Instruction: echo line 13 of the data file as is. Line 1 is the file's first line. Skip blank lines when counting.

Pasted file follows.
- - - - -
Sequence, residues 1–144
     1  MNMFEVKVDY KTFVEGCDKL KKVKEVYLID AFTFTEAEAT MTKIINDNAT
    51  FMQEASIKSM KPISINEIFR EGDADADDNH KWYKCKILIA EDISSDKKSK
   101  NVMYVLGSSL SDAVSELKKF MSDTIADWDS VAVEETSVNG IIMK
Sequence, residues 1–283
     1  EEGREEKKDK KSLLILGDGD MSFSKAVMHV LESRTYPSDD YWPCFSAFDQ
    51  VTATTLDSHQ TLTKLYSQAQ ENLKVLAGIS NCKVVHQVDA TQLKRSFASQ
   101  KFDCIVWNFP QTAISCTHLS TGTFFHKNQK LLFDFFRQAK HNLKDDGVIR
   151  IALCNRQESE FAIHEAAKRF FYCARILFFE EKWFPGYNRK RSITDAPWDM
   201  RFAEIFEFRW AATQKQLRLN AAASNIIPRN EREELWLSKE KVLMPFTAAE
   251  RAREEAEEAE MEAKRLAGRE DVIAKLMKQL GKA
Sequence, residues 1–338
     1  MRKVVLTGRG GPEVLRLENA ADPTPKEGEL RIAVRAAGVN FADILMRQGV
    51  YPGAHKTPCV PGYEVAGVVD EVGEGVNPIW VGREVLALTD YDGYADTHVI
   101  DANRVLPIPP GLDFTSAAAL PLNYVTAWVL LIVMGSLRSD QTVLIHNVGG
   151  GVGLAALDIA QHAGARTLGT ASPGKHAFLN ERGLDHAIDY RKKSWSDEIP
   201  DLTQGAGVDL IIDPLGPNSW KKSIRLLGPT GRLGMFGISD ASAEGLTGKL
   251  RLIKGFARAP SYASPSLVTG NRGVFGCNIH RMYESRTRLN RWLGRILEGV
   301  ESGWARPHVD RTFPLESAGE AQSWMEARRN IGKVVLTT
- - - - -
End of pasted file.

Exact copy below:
     1  MRKVVLTGRG GPEVLRLENA ADPTPKEGEL RIAVRAAGVN FADILMRQGV